Japan’s Award Winning Black Teas Once Again Being Produced

Most everyone associates green teas with Japan, but in the late 19th century
the Japanese government decided to try increasing their revenues by expand-
ing exports such as tea and silk to other countries.
They based their decision
partly on the success of black
tea exports from tea giants
 India, and Sri Lanka (formerly Ceylon),
to the 
U.K., Europe, and the U.S., wanting to
win a piece of the export pie with Japanese
black teas.  So, in 1874 the Japanese govern-
ment created a policy to begin manufacture of
black teas for export worldwide.
In 1875

Japanese manufacturing technicians
and experts were sent to 
China to study their
processing techniques, then on to 
India to
collect seeds of the assamica varietal of tea
bush.  But Japan’s climate was too cold and
harsh for assamicas to thrive.

Realizing the need for more in-depth information, a Tea Research Station was established at
Makurazaki in 1901, where research began into the propagation of 
black tea varietals suitable
for Japan’s climate and 
terroir.  At the same time the processing
steps for 
black tea manufacture was also developed.  And be-
cause Japan also ruled 
Taiwan at that time, black tea manufac-
ture was also begun there.
Because the varietals of tea plants established in Japan and

Taiwan were more suited for green tea production, the black
teas made from the harvested leaf was much lighter and milder
than the zesty strong 
AssamDarjeeling or Nilgiri teas of India, or Ceylon teas of Sri Lanka and
lacked the character and depth of China’s 
KeemunYunnan, or Panyang Congou black teas.
They failed to impress the worldwide market,
so an attempt was made instead to increase
their appeal closer to home in the domestic
market.  The British brands of Lipton and
Brooke Bond had built a considerable follow-
ing from 1900 to 1910, but the foreign brands
were subsequently banned at the beginning
of WWI.  These strict import controls remain-
ed in place for several years after the war
ended, which helped the sales of locally
made black teas.

The black tea breeding program begun in
1939 by the Ministry of Agriculture was stopp-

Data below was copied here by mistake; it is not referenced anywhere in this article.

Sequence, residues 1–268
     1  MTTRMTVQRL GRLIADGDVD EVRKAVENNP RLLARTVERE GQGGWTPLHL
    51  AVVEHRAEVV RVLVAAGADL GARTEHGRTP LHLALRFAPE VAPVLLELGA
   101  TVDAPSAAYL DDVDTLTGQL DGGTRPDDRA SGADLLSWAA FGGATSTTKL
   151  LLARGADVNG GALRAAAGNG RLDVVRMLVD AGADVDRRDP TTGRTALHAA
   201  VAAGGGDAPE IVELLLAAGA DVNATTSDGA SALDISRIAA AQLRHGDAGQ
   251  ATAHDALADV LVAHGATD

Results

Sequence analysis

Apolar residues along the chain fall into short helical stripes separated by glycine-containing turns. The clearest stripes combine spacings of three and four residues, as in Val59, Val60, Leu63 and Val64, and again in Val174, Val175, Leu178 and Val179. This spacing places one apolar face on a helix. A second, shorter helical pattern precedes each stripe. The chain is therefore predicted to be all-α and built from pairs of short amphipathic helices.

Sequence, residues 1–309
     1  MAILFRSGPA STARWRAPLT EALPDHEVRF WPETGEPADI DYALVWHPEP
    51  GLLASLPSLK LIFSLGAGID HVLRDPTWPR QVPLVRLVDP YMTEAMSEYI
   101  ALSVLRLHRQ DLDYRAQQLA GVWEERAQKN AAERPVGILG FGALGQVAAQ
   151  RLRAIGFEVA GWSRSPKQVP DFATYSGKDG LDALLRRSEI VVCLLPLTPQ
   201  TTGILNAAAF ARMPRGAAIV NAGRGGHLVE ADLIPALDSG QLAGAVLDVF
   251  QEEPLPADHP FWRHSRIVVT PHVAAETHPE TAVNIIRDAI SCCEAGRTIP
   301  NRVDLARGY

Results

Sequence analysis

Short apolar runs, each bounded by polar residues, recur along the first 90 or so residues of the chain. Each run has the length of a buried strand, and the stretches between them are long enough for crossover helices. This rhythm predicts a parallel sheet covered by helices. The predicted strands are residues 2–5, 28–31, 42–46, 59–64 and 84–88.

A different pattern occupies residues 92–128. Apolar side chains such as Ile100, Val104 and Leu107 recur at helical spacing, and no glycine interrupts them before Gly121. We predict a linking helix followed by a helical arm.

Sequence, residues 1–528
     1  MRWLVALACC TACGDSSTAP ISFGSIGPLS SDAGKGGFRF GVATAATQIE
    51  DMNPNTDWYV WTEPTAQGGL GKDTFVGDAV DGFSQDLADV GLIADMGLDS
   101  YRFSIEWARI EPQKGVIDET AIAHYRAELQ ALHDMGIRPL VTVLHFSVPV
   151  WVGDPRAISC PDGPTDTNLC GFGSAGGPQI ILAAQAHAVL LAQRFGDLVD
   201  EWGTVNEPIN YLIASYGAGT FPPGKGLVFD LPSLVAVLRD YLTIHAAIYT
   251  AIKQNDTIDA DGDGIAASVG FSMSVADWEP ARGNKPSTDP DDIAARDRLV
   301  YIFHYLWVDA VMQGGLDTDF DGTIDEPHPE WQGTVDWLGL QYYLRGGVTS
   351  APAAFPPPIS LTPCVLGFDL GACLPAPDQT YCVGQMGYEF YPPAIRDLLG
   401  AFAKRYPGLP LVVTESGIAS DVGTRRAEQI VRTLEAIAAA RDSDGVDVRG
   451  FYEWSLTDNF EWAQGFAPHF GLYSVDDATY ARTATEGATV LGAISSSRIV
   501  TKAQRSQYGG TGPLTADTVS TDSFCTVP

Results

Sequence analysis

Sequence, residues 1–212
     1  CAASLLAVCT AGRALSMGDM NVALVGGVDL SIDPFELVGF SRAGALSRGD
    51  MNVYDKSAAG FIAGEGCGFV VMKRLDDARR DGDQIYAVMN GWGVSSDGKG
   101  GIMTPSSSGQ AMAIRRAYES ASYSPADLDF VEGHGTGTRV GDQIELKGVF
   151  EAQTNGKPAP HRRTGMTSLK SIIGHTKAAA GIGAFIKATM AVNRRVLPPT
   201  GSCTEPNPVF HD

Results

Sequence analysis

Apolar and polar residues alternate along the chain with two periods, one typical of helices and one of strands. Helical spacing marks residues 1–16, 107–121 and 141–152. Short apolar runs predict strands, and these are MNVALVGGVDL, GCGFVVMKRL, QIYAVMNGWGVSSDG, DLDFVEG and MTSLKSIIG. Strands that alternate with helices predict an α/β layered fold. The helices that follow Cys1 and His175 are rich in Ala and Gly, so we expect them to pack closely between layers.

ed in 1946 at the outset of the war and didn’t
resume until 1953 when a program to breed

black tea varietals of the Camellia sinensis
began and ran to the 1960s.  But just as the
 Japanese government tried once again to
grow the national economy, the lifting of import bans allowed a growing number of
foreign tea companies licensing to sell their teas to Japan.  The result was that the
8,000 tons of tea being produced in the 1960s had been reduced to zero by 1971.
Recent changes in the market are encouraging the pro-
duction of black teas once again in Japan. One factor in
the demand for more black teas is the growing demand
for more

ready to drink (RTD) and bottled iced teas which
use less leaf in the manufacturing process than 
hot tea
                                                            requires, resulting in less tea being consumed.
Another factor resulting from less consumption is the
drop in market prices for

green tea, and especially the
lesser grades made from second and third harvests in
late spring.  And lastly, there is more interest from
consumers for the sweeter, more mild black teas, and aromatic 
oolongs and pouchongs,
increasing demand.
Because of PPA (Plant Protection Agent) residue levels, more

health conscious Japanese are buying more locally made
black teas, and some Japanese companies are even produc-
ing aged 
puerh style teas to be certain the teas are made
safely.  Even though these teas may be a bit more costly it’s
worth it to them to have the peace of mind.
With approximately 200 farmers now producing black teas, it has created new job
opportunities for young people in rural areas where the tea is hand plucked and rolled,
as well as other various tasks.  Many of the black teas are being sold through a network
of local markets where

specialty and organic foods can be found, not always available
through large supermarket chains.  These farmer’s markets provide the perfect outlet to
sell quality fresh unique products to consumers, bypassing the red tape and competition
with large multi-national chain stores.
Japan’s black teas are milder, softer, more subtle and aromatic
than the strong commercial black

tea blends from stores. This is a
result of the Yabukita cultivar, most commonly grown in 
which after processing offers a sweet, honeyed aroma and taste,
with very little astringency or bitterness.
These teas are hand-rolled and slightly curved with names like Kin
Mei Cha or Golden Brow Tea.  The Benifuki varietal has a stronger
presence and is being used by some producers hoping it will
appeal to markets outside of


Classes, training, and advice is also available to smallholders wanting to increase their black tea making skills.
Courses are being run on which varietals to grow, withering techniques, how to roll leaves by hand or machine,
length of oxidation, and drying temperatures.  Nearly 300 people came to a recent work-
shop run by Kanzo Sakato, Professor Emeritus at 
Kyoto University’s Institute for Chemical
Research.  One of his many specialist classes is on how aroma and flavor develop during
different states of tea manufacture.
In 2007 the Satsuma Eikokukan Museum won a two star gold award and in 2009 Japan-
ese black tea makers, Kaoru and Miyoko Kanyano won a three star gold award for their
black teas at Britain’s Great Taste Awards.  Japan’s black teas are definitely worth searching out and trying.